Do you ever look at trends on Twitter and wonder, ‘Is this even real?’. Twitter’s trending topic list is generated by an algorithm without any quality checks. Trust me, my family group will get embarrassed after seeing tags like #happytuesday and #wednesdaymorning trending on Twitter every time!
Some of the reasons why you see a twitter Fake hashtags, trends or news trending are:
- Organic growth
- Paid/promoted content
- Public Relations (PR) tactics
This is determined by the volume of tweets, impressions, etc on a particular topic. When you search for a particular trend, you get the latest posts (unregulated by Twitter’s algorithm) and top posts (regulated by Twitter’s algorithm). Organic growth involves the amount of engagement the netizens have with it. The algorithm then picks such growing Twitter fake hashtags and trends and puts them under the trending list.
These are the paid tweets that you’ll find labelled ‘promoted’. You will see promoted pieces during the time of launches. Promotion usually works for new ventures, features, units, films and more. For example, Samsung promoting #GalaxyS20PlusBTS.
Spam (fake hashtags, trends)
Spam is any sort of unsolicited or bulk form of tweeting. The ‘fan’ clan enforces these sorts of trends. Any idea, narrative, or group that has a fan following tries to trend these. For example, a few days back, #SidNaaz was trending. It was popularised by Sidharth Shukla and Shehnaaz Gill’s fans after the two appeared on Big Boss. Similar hashtags have gained momentum too. Supporters of strong religious ideologies too find this as a space to alter the narrative of the digital world.
These trends are specific to changing narratives around some ‘famous’ people. To give you more perspective, have a look at this Quora question- ‘Why is Ram Rahim still trending on Twitter?’ The PR team very strategically places him under covert hashtags like #SaveTodayForFuture, #SwitchToClothBags, #HumanityStillExists and more. These hashtags trend most days of the week. It is obvious that if a general person who has no connection with Gurmeet Ram Rahim Singh sees his name trending every day, s/he will stop clicking on it after a point of time; but won’t stop clicking on hashtags mentioned above.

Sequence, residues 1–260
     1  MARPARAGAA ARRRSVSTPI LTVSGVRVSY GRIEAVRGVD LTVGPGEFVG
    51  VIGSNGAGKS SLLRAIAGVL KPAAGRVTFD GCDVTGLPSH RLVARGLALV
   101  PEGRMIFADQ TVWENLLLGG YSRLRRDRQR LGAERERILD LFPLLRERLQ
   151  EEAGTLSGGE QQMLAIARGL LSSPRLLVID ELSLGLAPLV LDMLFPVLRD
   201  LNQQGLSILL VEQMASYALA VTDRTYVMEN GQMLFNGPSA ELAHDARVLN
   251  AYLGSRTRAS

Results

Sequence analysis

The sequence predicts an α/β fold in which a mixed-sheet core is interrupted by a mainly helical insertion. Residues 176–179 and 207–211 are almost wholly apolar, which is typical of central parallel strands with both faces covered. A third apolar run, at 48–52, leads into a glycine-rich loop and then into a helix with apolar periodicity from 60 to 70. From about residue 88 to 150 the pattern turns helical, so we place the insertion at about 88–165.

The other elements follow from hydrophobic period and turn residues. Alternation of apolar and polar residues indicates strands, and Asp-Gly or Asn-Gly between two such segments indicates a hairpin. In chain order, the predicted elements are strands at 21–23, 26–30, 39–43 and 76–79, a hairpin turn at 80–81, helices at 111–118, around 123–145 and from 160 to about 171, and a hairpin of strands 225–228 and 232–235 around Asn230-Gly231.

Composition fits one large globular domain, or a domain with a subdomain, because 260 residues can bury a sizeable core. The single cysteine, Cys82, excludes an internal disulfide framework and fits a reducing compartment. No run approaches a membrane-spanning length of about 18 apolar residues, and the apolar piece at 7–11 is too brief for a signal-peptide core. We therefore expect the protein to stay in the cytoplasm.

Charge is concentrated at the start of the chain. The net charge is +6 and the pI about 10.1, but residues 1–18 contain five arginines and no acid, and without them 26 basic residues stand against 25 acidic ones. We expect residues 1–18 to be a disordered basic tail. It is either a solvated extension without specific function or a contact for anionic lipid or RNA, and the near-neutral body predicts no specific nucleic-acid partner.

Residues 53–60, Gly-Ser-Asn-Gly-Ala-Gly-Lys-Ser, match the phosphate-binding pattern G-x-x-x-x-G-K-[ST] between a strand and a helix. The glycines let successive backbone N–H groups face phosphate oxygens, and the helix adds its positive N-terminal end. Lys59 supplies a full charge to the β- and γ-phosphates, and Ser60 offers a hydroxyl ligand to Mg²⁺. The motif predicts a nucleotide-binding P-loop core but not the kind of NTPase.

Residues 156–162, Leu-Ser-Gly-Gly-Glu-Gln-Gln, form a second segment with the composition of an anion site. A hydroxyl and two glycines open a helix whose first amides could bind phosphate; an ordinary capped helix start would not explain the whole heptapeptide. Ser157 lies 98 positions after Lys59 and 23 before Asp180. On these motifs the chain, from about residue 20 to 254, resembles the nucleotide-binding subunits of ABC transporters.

Twitter Fake hashtags, trends
Trends and hashtags rank on the basis of recency, relevance, engagement, and other factors (like a number of followers, use of rich media, impressions, etc). How many times have you come across a completely baseless Twitter fake hashtags/trends?
A BBC investigation in 2018 found that companies in Saudi Arabia are offering to artificially boost the popularity of hashtags to make them trend on Twitter – in contravention of the social media network’s rules. The price to get automated “bot” accounts to make a hashtag trend for a few hours is around £150 ($200).
In my understanding, these ‘fake’ hashtags/trends & alarms are induced for two reasons:
- A change in narrative
- Observing your emotions towards it
These Twitter fake hashtags/ trends are against Twitter’s policies. “You may not use Twitter’s services in a manner intended to artificially amplify or suppress information or engage in behavior that manipulates or disrupts people’s experience on Twitter.” Politics and high profile cases fuel a lot of propaganda through such tactics.
Leveraging a particular narrative and spamming its way through the trends is not only changing the public opinion but also creating a divide in the masses. I better not even start on fake news!
Parody accounts, too, are a leading cause of fake news and trends. In recent news, a Tripura teenager has been detained for spreading fake news from an account similar to the Tripura CM, Biplab Kumar Deb’s verified account on twitter.
The amount of hate, propagated by parody accounts, is unimaginable at times. For Instance, there is a parody account of the Bollywood actress Kangana Ranaut by the username @kanganaofficial on twitter. The account has a following of 11.2k (update: the account now stands at 26k). The account bashes people (not like the original account doesn’t but can we imagine the reach it has) in a very unhealthy and unethical way. It’s a very convenient and accessible medium for people to amplify narration. (The following images belong to the parody account and not the real account)
A simple example of how such fake or over the top accounts, trends or hashtags impact conversations on social media platforms is, how the conversation regarding mental health in India & Sushant Singh Rajput, became a conversation about name calling, nepotism and a murder mystery. I am not opposing anyone’s argument on this but where did the “we are here for you” evaporate?
People are entitled to have opinions and call out others too with great pomp, but if this pattern is to change the discourse and not maintain a healthy platform for everyone, we must look into it.
Twitter does give us the option to flag these kinds of activities. Report them, not because they don’t agree with your opinion but because they don’t agree to facts.
Got to go, I need to tweet!